· Sharing of experience. It is my conviction that in most cases, Bible study leaders should view themselves more as discussion facilitators than information providers. In other words, there should be a difference between a sermon and a bible Study. Small group studies, unlike traditional sermons, offer occasion for everyone to ask questions and offer personal insights. · Entering into a Holy Communion. If only for a few hours, group Scripture studies can do more to fit us for heaven than most other things we will do in the week. Reaping this benefit requires the members to commit to attend and actively participate in the group. If there are advantages to group study, there are also dangers. · Formality. What began as a fresh, informal, relaxed and happily flexible spiritual meeting easily degenerates into legalistic formalism. There is nothing less attractive to regular attendees or outsiders than to see someone grudgingly doing something which he obviously dislikes. Small groups should discipline themselves to remain spontaneous. This may mean making changes. It will mean being open to spontaneous prayer. Members should also remember the impact their attitude has on others. · Inconsistency. There is a danger of becoming "in-study" someone that you are not the rest of the week. Beware of hypocrisy and aim for continuity both during the study and afterwards. · Vulnerability. Ideally, small group involvement assumes a level of transparency that creates the possibility of broken trust. When sensitive topics are discussed confidentiality must be strictly maintained. · Superficiality. Being aware of the possibility of getting hurt, group members will be tempted to hold back. We acknowledge that the more
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"real" we are with each other and with God, the more we will benefit from our meetings. Superficiality should be avoided. Sin should be discussed with sobriety. · Animosity. Many of the topics studied in small groups are held very dearly. In this context, hurt feelings are only a short step away from disagreements. We need to be respectful of each other, recognizing that we are all at different points in spiritual growth and that none of us has fully attained perfection ourselves. · Prolixity. The art of unduly prolonged or drawn out talk has unfortunately become a trademark of many small group studies. Avoiding prolixity means resisting the urge to create a verbal monopoly or chase down "rabbit trails." Use your comments judiciously. Even group leaders should know when to refrain from speaking (Eccl. 3:7). The Principle of Consistent and Logical Progression There should be ordered movement in your study. People benefit from knowing where they are, as well as where they can anticipate ending up (not to mention why and how they will get there). Bible study, whether personal or group, should not be haphazard. There is something methodologically deficient with the practice of randomly choosing texts to study. This isn't the way the Bible was written, it isn't the way that humans learn, so it isn't the way the Bible should be studied. That's why most Bible study books you see today are organized either topically or textually. Consistent and logical progression aids our learning because data build upon each other as a course of bricks are laid upon the last. It also makes completion of a study something of a monument. Without being too rigid, sticking to a nightly schedule and a weekly time-line can maximize the impact of your study.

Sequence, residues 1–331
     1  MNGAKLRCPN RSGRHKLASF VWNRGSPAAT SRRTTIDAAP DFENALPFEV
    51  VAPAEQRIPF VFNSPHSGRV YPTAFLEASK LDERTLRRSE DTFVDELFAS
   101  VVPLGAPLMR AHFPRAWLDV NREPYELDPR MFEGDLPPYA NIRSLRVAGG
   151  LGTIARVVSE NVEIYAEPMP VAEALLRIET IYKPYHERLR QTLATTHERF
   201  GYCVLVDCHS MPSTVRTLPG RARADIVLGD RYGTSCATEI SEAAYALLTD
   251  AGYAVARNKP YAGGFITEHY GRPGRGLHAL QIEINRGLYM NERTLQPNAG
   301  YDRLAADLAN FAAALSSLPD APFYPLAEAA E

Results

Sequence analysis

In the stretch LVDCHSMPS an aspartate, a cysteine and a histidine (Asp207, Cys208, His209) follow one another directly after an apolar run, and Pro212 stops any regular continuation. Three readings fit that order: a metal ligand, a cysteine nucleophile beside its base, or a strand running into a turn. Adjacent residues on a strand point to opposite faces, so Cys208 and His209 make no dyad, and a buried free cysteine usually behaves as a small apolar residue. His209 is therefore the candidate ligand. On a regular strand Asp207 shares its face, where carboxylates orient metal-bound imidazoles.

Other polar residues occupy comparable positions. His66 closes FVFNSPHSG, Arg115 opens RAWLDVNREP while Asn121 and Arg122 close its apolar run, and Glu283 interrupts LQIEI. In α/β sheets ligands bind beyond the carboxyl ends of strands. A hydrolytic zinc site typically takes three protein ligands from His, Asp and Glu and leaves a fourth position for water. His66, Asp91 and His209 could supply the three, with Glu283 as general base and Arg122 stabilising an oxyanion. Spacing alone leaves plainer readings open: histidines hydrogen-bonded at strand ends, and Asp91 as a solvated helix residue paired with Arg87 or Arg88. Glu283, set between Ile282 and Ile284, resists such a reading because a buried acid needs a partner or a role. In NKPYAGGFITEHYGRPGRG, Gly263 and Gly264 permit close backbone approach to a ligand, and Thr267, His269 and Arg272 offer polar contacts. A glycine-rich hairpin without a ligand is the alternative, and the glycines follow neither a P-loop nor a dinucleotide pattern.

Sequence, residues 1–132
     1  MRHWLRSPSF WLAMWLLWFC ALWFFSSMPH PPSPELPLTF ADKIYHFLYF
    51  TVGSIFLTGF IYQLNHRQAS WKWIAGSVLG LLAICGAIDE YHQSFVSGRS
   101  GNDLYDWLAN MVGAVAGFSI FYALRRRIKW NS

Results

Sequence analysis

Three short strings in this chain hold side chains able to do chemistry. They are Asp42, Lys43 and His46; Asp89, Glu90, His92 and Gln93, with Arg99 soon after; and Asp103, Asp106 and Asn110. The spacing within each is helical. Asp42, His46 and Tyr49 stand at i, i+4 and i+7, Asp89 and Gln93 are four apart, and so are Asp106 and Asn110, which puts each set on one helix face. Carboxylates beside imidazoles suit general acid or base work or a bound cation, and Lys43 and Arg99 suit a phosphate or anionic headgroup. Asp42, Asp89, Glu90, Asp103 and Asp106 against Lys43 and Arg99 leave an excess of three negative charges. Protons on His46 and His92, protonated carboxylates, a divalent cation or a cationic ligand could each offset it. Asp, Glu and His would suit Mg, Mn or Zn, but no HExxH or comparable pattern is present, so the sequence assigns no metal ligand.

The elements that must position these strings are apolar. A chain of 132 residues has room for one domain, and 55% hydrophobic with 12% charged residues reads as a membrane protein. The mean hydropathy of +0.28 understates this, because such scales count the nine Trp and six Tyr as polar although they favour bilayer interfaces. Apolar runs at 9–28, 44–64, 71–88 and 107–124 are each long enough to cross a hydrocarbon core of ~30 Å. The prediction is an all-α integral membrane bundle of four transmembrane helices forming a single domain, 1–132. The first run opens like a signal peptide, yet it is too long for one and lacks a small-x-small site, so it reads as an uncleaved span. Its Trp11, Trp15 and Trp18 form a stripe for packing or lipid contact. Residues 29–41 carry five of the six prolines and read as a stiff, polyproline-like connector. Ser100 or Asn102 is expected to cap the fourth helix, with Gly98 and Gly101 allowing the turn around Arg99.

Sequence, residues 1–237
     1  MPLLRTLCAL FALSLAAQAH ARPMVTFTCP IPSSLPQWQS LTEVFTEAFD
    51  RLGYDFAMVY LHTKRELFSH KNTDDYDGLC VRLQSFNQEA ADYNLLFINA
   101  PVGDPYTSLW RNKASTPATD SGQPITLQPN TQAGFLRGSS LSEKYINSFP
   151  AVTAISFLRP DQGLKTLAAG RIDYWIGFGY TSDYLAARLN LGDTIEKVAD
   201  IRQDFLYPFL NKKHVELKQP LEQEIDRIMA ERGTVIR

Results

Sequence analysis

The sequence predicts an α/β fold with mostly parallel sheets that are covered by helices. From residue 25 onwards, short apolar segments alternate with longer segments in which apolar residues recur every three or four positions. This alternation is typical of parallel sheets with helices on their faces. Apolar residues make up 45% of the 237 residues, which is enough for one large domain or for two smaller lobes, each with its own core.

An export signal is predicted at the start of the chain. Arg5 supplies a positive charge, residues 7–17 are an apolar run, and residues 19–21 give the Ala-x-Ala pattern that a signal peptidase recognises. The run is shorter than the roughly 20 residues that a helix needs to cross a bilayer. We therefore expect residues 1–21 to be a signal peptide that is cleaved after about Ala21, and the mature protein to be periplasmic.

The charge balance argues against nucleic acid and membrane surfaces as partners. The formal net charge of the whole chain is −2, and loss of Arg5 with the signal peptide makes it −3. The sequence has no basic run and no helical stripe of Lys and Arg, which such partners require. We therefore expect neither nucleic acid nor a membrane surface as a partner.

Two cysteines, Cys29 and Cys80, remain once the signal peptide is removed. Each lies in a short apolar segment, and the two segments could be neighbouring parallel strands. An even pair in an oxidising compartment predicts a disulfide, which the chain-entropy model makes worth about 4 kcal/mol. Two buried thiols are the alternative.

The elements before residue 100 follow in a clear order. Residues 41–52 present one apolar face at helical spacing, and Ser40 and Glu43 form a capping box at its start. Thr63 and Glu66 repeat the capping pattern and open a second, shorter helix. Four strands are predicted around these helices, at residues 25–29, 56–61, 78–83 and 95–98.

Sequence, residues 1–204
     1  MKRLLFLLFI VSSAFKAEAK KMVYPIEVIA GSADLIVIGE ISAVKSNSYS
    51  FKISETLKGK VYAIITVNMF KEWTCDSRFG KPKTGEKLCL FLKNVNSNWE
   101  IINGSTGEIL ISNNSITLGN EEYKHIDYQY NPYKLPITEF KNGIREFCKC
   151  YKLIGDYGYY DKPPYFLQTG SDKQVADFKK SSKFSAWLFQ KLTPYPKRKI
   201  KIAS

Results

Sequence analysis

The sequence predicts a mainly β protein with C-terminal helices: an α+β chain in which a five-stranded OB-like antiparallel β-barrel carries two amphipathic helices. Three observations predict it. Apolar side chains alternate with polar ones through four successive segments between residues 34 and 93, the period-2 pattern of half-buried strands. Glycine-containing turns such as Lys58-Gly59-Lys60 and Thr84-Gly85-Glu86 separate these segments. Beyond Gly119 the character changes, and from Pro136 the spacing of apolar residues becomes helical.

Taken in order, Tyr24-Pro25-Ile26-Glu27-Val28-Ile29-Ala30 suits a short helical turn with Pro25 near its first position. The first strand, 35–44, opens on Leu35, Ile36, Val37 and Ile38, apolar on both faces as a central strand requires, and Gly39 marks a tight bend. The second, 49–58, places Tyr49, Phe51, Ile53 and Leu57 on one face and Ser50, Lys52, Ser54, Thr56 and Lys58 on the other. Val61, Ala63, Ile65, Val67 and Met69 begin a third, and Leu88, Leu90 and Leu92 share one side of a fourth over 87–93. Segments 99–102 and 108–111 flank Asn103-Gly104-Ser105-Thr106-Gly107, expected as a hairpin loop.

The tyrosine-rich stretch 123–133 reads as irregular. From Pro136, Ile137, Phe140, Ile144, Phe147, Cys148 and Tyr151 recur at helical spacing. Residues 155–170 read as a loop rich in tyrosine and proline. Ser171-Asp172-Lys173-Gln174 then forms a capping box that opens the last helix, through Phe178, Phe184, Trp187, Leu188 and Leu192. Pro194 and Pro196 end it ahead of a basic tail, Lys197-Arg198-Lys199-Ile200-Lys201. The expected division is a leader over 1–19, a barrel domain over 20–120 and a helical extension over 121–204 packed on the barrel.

The Principle of Personal Application Too many faithful Bible study attendees silently wonder, as they pack up their materials and prepare to leave another study, "What am I supposed to do with this information?" As with preaching, Bible study calls for a response. When Peter's Pentecost audience heard his exposition of Scripture, "...They were cut to the heart, and said... `What shall we do?'" (Acts 2:37). This same sort of question is asked at the end of every effective group Bible study. The answer will have something to do with our heads, hearts and hands. Studying the Bible is inherently "dangerous" because the Bible is God's sword (Heb 4:12). It changes our minds as it chops up our flawed human logic and selfish patterns of thought. It pricks our hearts and emotions by slicing through the veil that covers our deep idols. It energizes our slack hands by cutting away the weights and sins that ensnare us (Heb. 12:1). Swords are dangerous. But if used rightly, and blessed by God, the end result is complete conformity to the image of Christ. There's a goal that should breathe life into any group Bible study! The next time you start getting ready for your group study, reflect on what you can do to improve it. If you're bold enough, you might even consider modifying these principles into a group covenant so that everyone knows what they might expect from the study. i The published Scripture expositions by R.C. Sproul, for example, make great study guides because he presents the teaching of the text, clearly, simply and practically. ii Many churches more specifically summarize their understanding of Scripture through historic confessions (such as the Belgic Confession of Faith, 1561 or the London Baptist Confession of Faith, 1689) or congregational statements of faith. iii The Bible itself contains several creeds, or short, nonnegotiable summaries of the Christian faith (E.g. 1 Timothy 3:16). iv From Walter Henrichsen and Gayle Jackson's Studying, Interpreting, and Applying the Bible. (Grand Rapids: Zondervan, 1990), 14.